* Germany targets structurally-balanced budget by 2014
* Strong tax revenue growth to taper off from 2013
* Merkel coalition debates how to relieve taxpayers
By Sarah Marsh
BERLIN, Oct 31 Germany has its sights on a
balanced budget by 2014 but strong recent growth in tax revenues
will tail off from next year, Finance Minister Wolfgang
Schaeuble said on Wednesday.
Germany's income from tax receipts should be 5.8 billion
euros higher than previously forecast in 2012, the Finance
Ministry said on Wednesday, although it will inch below previous
estimates in three of the following four years.
Chancellor Angela Merkel's government has hiked its forecast
for 2012 growth by 0.1 percentage points to 0.8 percent but cut
its 2013 growth forecast to 1 percent from 1.6 percent due to
the weak economy across Europe.
"We are striving for a structurally-balanced budget for
2014," Schaeuble said.
The minister was quoted last weekend as saying Germany could
cut its structural deficit -- which does not account for
economic fluctuations -- to 0.35 percent of gross domestic
product in 2013, three years ahead of a constitutional deadline.
Presenting the latest tax revenue estimates for 2012-2016,
he said the tax numbers "correspond with an economy that is on a
moderate growth course" but still meant that Germany was the
"stability anchor and growth locomotive of the euro zone".
Germany has proven resilient to the euro zone's three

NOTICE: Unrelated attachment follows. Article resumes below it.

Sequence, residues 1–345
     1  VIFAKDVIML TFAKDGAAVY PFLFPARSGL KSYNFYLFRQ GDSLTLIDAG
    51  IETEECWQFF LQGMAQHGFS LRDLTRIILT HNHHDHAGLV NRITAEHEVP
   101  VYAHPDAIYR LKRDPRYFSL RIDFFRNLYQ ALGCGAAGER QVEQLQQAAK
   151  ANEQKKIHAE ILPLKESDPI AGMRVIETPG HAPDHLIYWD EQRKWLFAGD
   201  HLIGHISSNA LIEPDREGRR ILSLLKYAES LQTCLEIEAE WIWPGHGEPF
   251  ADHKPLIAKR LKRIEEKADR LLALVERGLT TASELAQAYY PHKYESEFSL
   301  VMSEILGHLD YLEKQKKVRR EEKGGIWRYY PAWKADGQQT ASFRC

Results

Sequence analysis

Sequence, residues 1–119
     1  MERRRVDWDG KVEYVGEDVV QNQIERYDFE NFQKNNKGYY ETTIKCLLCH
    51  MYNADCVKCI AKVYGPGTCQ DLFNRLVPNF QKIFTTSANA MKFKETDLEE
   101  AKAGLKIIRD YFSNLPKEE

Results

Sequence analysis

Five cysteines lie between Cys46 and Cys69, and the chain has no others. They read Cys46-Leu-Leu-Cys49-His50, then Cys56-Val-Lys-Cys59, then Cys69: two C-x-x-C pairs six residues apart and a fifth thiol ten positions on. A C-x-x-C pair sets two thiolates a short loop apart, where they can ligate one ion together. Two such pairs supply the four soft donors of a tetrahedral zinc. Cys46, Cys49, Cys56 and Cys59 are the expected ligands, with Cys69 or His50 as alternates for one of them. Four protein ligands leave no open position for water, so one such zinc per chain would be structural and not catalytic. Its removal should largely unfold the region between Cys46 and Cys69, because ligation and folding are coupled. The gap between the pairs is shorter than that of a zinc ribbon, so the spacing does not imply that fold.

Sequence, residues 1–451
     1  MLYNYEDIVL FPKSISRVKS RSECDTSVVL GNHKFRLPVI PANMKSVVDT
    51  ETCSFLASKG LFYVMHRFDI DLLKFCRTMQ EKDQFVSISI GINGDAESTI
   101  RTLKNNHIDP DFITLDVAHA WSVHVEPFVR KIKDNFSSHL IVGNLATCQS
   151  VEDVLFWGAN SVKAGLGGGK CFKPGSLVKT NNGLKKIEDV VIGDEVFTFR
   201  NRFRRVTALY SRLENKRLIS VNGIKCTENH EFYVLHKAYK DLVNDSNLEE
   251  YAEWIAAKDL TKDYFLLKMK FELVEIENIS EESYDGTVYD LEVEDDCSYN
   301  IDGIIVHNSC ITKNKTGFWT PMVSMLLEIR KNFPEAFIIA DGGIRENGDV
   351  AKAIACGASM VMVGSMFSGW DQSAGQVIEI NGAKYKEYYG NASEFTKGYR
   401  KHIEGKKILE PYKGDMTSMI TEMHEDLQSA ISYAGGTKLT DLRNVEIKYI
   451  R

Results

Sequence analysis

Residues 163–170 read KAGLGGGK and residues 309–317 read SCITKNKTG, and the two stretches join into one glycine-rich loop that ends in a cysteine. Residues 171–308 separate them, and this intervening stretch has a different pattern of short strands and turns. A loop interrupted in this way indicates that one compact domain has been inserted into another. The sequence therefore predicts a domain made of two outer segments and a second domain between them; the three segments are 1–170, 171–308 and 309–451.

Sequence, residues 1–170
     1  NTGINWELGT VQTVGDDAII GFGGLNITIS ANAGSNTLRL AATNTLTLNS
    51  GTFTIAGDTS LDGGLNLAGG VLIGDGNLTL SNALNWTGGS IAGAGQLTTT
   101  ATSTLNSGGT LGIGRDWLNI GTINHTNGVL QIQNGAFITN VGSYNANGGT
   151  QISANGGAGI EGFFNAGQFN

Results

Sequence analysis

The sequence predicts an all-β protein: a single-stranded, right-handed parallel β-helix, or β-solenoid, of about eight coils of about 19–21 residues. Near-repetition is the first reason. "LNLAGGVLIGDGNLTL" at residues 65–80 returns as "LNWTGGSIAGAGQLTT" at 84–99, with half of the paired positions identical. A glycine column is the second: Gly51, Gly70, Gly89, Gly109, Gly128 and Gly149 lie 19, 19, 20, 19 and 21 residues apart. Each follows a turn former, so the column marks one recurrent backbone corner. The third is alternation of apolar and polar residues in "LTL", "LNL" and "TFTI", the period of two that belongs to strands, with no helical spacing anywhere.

year-old debt crisis and its economy has grown steadily
throughout this year, though there are signs it is heading
towards stagnation in the final quarter.
Even as its peers within the currency bloc struggle with
austerity measures and rising joblessness, German unemployment
has remained at its lowest rate since reunification and wages
have risen, boosting tax revenues.
The panel of experts working for the ministry said it
expected the tax take to be 602.4 billion euros this year,
higher than the 596.5 billion forecast in May.
The forecasts are derived from estimates delivered by the
Finance Ministry, Bundesbank and the German council of economic
"With the extra income in 2012 we can further reduce our net
new borrowing," Schaeuble told a news conference. "Our policy of
growth-friendly consolidation works."
However, from 2013 until 2016, the tax take is expected to
fall marginally below the May forecasts, except for 2014 when it
is seen slightly above the previous estimate.
With one year to go to a federal election when she is likely
to seek a third term, the conservative chancellor Merkel may use
the improved tax projection for 2012 as backing for a raft of
disputed tax and welfare measures to stimulate the economy.
But the centre-left opposition argues that tax cuts are
irresponsible at a time of budget and debt consolidation and may
find justification for its stance in the gloomier outlook for
German tax revenue growth from 2013 onwards.
The opposition has already blocked one government attempt at
tax relief worth 6 billion euros in the Bundesrat upper house of
parliament, where Merkel no longer has a majority.
Merkel's own coalition has been embroiled in bitter internal
disputes, especially between her Christian Democrats and their
partners among the Bavarian conservatives and the Free Democrats
(FDP), about whether to scrap a fee for medical appointments or
give money to stay-at-home parents, among other proposals.